It is good to know that Jamie Oliver's school meals not only taste better but are producing better-performing children in Greenwich, the local authority where he introduced his culinary revolution. Pupils' Sats results at the age of 11 improved after they switched from "turkey twizzlers" and chicken dinosaurs to creamy coconut fish and Mexican bean wraps. The number of "authorised absences" also fell.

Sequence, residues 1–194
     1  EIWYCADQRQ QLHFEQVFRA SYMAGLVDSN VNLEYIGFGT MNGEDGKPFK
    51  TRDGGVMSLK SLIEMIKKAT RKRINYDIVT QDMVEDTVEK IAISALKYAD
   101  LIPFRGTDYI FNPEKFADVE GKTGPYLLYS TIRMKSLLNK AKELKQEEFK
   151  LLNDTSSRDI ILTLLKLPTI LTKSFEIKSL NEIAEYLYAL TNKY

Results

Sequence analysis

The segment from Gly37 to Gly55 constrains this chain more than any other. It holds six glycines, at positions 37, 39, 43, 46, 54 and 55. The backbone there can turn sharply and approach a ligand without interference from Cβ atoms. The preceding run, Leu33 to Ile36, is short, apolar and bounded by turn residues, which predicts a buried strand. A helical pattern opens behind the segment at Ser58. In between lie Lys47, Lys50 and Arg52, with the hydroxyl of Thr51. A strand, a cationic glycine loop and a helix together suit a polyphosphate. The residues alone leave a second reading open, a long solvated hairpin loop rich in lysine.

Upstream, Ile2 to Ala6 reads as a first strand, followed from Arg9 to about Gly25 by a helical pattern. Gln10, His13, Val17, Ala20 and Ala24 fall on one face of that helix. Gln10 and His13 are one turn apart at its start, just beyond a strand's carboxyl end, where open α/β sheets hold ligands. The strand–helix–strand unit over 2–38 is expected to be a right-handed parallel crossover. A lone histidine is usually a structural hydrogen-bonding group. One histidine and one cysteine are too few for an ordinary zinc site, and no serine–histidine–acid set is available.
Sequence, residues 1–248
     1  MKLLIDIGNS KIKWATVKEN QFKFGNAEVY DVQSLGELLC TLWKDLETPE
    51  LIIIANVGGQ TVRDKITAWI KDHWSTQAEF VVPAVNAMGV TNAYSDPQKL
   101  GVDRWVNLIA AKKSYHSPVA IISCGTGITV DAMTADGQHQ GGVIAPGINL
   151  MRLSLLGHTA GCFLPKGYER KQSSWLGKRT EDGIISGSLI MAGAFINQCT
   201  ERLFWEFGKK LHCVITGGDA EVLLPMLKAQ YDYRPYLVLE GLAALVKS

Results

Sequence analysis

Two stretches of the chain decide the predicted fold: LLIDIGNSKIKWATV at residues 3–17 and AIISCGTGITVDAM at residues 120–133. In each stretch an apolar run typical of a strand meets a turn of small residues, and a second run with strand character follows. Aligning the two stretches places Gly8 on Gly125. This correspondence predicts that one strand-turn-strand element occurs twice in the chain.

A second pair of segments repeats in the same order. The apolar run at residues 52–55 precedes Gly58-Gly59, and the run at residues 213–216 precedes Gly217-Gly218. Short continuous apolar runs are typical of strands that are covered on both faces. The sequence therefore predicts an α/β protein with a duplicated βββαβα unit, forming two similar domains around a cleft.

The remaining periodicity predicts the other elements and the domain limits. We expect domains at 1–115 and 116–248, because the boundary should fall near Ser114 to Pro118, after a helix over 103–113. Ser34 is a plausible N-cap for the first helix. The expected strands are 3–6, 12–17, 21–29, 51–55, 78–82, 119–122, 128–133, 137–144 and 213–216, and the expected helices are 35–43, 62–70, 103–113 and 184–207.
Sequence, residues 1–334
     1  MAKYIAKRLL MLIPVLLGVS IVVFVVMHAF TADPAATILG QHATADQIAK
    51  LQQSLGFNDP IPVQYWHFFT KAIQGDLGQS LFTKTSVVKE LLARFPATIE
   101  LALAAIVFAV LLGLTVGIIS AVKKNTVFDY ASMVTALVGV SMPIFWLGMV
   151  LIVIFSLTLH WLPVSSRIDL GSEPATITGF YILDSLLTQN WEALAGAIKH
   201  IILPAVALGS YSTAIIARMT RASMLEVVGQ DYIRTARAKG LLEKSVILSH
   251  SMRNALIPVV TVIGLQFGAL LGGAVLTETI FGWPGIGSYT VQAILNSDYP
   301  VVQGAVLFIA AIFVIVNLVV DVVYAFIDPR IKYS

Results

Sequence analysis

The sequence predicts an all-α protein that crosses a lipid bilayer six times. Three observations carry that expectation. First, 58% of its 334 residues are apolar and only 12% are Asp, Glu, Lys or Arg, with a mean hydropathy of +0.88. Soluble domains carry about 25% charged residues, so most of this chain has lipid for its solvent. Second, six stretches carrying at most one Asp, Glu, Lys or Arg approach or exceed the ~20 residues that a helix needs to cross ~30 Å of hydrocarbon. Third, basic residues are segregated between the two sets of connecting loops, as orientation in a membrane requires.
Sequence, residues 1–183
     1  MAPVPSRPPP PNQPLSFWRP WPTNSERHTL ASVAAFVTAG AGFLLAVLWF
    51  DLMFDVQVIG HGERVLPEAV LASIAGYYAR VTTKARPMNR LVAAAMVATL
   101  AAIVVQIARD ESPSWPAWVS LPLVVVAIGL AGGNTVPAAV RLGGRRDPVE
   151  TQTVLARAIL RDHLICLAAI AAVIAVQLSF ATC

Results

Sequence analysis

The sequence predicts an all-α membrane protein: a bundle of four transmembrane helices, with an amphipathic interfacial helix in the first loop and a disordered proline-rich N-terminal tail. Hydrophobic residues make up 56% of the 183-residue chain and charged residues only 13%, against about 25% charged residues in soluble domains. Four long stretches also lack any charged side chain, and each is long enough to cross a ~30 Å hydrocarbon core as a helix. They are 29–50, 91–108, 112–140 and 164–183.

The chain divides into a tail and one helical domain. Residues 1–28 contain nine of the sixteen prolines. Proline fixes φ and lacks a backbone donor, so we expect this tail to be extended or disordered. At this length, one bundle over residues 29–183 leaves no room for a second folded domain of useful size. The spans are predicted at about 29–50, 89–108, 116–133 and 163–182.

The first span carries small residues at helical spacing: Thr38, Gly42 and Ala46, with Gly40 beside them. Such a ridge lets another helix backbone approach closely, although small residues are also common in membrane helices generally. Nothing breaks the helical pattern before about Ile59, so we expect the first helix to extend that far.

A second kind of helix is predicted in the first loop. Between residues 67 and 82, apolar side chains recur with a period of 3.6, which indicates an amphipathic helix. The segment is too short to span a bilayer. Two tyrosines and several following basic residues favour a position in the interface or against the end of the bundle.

But before we fall over ourselves to congratulate the celebrity chef on achieving what any mother knows to be common sense, we should probably wait for further research into the effect of a good square meal on the nation's pupil population as a whole. Nutritional standards were introduced to all schools in England after the pilot in the south-east London borough and were updated in 2008.
If it is shown that proper food has raised educational standards nationwide, we really will have cause to celebrate.